From The Record, Summer 2016
Another Man's Treasure
By the time Gordon Johnson '97 was pledging Phi Gamma Delta more than 20 years ago, late nights and good times had taken their toll on the appearance of the FIJI house down on Fraternity Circle. So naturally, in between parties, the brothers put Johnson and his fellow pledges to work repairing it. What seemed a chore at the time turned out to be the beginning of a trade that has taken the Hampden-Sydney alumnus up and down the East Coast in search of busted-out windows, crumbling brickwork, and rough-hewn floor joists tucked away in long-forgotten homesteads.
Johnson is in the restoration business, and with his company Recycled Relics LLC, the history major has been digging around in dusty dwellings for light fixtures, mantels, door hinges, and other items that simply cannot be found anywhere else. Some items he cleans up and sells; sometimes he uses the old wood to craft new furniture. With wife Alecia, friends, and employees, he buys, restores, and "flips" houses, and on occasion disassembles entire structures and rebuilds them at other sites.
But nailing down exactly what Johnson does for a living is a labor in itself. He's really not sure. "No day is ever the same," he said. "Mostly I do historic restoration, construction, and build furniture. We run the inn. We've got the tree farm so we do timber management; we're planting native grasses to bring the quail in for the hunting preserve."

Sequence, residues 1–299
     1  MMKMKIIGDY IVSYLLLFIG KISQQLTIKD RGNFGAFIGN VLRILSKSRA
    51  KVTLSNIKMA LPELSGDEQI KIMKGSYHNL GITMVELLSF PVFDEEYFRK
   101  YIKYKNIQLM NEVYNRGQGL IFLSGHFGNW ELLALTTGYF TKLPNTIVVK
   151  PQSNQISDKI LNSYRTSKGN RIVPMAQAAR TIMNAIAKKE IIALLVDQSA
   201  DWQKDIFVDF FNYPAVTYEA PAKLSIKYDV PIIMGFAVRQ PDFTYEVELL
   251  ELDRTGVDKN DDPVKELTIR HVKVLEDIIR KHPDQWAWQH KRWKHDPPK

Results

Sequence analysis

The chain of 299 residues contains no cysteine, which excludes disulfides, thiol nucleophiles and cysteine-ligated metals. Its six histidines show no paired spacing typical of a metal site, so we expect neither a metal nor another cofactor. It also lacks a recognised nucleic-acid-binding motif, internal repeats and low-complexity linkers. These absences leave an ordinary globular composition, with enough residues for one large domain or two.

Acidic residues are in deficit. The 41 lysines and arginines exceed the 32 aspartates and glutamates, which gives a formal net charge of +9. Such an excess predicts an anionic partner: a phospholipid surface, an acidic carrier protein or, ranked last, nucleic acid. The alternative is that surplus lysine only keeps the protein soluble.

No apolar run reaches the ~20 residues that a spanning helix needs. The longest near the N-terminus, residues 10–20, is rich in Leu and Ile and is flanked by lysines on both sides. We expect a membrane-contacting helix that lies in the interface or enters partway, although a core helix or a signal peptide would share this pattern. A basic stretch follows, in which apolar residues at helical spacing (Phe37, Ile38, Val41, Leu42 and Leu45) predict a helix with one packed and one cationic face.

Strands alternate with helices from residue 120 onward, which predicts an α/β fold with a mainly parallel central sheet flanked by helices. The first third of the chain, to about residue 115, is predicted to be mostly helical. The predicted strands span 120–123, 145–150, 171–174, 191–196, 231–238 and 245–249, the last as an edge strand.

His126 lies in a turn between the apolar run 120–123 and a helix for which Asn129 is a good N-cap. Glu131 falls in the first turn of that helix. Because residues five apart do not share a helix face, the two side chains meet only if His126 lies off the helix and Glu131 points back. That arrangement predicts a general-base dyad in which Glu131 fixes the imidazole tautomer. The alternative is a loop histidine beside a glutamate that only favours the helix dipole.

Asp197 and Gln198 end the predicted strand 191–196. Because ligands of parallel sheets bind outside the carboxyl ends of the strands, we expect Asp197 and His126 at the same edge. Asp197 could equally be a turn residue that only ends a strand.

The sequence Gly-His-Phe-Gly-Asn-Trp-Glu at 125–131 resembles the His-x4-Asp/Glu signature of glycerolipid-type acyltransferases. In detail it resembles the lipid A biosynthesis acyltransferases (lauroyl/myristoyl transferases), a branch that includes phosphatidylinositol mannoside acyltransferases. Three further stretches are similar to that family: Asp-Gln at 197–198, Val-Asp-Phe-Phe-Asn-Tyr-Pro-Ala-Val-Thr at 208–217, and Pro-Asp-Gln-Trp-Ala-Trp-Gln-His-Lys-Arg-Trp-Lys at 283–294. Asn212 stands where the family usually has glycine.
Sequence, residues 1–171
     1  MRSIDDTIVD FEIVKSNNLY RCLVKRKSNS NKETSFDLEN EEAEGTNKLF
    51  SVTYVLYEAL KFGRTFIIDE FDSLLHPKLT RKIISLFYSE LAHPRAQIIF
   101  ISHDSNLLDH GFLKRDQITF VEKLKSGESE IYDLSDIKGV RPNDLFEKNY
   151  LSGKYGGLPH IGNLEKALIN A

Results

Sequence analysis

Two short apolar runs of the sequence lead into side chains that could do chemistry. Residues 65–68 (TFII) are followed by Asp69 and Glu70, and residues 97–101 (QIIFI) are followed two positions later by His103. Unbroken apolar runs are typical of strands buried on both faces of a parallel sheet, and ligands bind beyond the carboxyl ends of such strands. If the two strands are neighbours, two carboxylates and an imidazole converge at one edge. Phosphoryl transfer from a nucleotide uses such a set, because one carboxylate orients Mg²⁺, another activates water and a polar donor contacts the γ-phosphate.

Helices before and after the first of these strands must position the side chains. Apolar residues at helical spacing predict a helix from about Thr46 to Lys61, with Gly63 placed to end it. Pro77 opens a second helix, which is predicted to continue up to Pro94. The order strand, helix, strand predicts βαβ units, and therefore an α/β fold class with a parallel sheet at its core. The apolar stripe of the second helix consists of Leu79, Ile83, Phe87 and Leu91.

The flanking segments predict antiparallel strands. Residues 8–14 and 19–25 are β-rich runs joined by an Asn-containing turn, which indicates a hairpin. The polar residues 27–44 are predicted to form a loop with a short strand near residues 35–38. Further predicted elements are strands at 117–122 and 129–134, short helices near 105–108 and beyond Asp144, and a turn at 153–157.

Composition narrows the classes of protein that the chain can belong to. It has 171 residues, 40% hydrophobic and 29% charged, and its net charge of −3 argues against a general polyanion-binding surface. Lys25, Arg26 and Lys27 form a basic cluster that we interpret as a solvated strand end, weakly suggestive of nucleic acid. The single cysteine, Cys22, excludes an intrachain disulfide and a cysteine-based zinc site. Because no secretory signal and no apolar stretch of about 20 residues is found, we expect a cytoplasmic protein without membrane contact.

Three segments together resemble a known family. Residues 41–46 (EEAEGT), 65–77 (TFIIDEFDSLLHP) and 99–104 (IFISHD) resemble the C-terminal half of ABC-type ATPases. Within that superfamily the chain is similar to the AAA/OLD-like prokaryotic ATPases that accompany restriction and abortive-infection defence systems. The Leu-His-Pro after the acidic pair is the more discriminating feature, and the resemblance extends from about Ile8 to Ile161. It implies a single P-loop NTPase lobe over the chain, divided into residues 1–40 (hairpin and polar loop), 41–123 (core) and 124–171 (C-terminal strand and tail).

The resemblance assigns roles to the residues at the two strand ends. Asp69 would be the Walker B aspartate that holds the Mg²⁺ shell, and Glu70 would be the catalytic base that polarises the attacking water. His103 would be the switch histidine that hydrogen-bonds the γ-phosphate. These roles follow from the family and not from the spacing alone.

In his work salvaging, restoring, and repairing buildings, Gordon has had the chance to explore places that once sheltered great Virginians of the past. In Fairfax County, near Great Falls, he disassembled a home known as Seneca Farms, which George Washington used as an infirmary during the Revolutionary War. He's got the doors and stones from the house at his workshop. Just west of Sheppards in Buckingham, he helped restore and remodel Pleasant Grove, where Gen. Robert E. Lee stayed during his retreat from Petersburg. He custom-milled railings and balustrades, and even built a columned, two-story porch on the rear end of the home. He did plaster work and roofing at Red Hill, the home of leading Anti-Federalist and original trustee of Hampden-Sydney, Patrick Henry. On campus at his alma mater, Gordon restored the entryway to Edgeworth, known today as the Wilson Center for Leadership.
Of all of his projects, however, it is perhaps Johnson's own home that has been the most prodigious, the most time-consuming, and certainly the most rewarding of all. Through years of hammering, prying, scraping, and painting, Johnson has emerged in possession of a home that has been given a new family, a new life, and a second chance. What was once a decrepit estate rotting away on the edge of Farmville is now a fully restored Victorian home standing on the banks of the Appomattox, just a few miles from Hampden-Sydney.
The Mansion and Smokehouse
The house originally stood on a hill in Stanley Park on the north end of Farmville near the train station by the Appomattox River, seven miles downstream from its current location. Longwood University transformed the park into sports fields, parking lots, and housing complexes years ago, renaming it "Lancer Park" and reserving it for college students.